SJC Long Island Student Studies Cancer for Senior Research
December 05, 2018
PATCHOGUE, NEW YORK – DECEMBER 5, 2018 - St. Joseph's College (SJC) student Danielle Guercio knew exactly what she wanted to focus her research on for her senior thesis — a treatment option for bladder cancer that had claimed the lives of two family members.
Guercio, a senior at SJC Long Island in Patchogue, worked closely with Valerie Giordano, Ph.D., associate professor of biology, in St. Joseph’s biology labs throughout the summer to study bladder cancer cells and how to prevent cell growth with a chemical called bufalin.
“My research was focused on working with bladder cancer cells in order to study a way to prevent cell growth,” said Guercio, a double major in biology and psychology who also minors in chemistry. “The chemical I used was called bufalin, which is a cardiotonic steroid, meaning it is a heart stimulant. It is isolated from the venom of Asiatic toads. This substance has been found to have adverse effects on cancer cells and no effect on cells of the same cell type. The purpose of my experiment was to further explore how this drug manipulates the cell cycle in the cancer cells.”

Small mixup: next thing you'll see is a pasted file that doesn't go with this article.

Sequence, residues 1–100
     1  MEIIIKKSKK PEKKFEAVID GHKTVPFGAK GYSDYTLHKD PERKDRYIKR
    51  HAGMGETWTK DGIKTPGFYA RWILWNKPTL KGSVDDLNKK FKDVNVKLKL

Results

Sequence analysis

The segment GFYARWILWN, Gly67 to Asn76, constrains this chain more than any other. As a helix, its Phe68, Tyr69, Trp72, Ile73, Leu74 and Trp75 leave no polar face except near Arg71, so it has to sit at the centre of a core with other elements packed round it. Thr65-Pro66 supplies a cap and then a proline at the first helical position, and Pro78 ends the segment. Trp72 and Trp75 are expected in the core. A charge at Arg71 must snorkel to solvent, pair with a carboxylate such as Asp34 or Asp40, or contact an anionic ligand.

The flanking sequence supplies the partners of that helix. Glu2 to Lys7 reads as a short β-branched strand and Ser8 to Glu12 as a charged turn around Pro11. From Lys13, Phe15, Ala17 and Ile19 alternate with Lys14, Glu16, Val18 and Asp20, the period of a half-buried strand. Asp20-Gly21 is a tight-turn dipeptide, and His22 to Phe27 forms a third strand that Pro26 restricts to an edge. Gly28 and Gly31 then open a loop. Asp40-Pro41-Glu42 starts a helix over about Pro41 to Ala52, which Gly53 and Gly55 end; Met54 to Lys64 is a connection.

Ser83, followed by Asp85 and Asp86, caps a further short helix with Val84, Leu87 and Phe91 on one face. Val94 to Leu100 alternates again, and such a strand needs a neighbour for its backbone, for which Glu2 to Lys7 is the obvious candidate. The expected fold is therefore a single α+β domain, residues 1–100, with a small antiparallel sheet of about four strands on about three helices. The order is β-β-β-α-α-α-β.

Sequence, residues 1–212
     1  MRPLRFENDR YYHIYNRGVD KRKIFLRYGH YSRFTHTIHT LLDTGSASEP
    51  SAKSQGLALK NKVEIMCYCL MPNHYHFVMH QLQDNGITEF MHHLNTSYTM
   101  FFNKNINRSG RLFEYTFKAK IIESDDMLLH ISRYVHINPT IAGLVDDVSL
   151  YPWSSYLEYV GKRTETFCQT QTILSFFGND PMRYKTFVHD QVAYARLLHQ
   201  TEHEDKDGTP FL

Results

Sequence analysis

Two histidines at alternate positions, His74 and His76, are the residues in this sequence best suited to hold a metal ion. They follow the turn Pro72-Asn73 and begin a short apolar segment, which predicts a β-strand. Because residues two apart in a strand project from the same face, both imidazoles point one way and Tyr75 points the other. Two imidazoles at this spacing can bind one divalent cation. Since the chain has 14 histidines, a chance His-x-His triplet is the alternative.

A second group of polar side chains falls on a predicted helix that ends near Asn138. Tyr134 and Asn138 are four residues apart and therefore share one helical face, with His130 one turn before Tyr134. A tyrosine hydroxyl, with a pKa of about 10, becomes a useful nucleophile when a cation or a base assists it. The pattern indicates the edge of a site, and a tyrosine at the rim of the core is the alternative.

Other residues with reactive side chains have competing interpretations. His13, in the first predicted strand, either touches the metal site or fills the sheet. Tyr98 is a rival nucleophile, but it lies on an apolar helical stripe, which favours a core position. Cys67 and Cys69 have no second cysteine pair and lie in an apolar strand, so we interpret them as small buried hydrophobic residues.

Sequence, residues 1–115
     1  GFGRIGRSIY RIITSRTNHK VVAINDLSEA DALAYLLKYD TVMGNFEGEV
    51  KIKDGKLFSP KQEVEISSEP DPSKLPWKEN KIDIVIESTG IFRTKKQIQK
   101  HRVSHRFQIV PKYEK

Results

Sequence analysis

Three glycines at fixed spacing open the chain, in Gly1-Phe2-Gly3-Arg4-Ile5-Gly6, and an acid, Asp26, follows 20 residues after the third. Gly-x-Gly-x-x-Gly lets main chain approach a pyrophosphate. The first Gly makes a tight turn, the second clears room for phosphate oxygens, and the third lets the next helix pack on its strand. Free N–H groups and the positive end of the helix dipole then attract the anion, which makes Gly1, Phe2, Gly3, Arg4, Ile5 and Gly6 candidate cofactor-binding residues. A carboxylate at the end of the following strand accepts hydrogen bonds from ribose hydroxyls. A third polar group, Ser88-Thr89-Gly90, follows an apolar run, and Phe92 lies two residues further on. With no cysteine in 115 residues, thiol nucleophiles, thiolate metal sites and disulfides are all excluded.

Through her research, Guercio concluded that bufalin does in fact have adverse effects on cancer cells. However, complications with her experiment made it impossible to determine which protein concentrations were affected at this time.
“After conducting a dosage curve, based on my results, it was determined an optimal dose of the drug would be somewhere between 0.2 micromolar and 0.4 micromolar, which is promising because bufalin has been shown to have adverse effects on the heart at slightly higher dosages from previous studies conducted by other researchers,” Guercio said. “I am interested in retesting this portion of my experiment in the future with either a different method or repetition of the old method, since the initial method is a very hard procedure to conduct,” she said.
Guercio is currently filling out applications for doctoral programs in cell biology.
ABOUT ST. JOSEPH'S COLLEGE
St. Joseph’s College has been dedicated to providing a diverse population of students in the New York metropolitan area with an affordable education rooted in the liberal arts tradition since 1916. Independent and coeducational, the College provides a strong academic and value-oriented education at the undergraduate and graduate levels, aiming to prepare each student for a life characterized by integrity, intellectual and spiritual values, social responsibility and service. Through SJC Brooklyn, SJC Long Island and SJC Online, the College offers degrees in 50 majors, special course offerings and certificates, affiliated and pre-professional programs.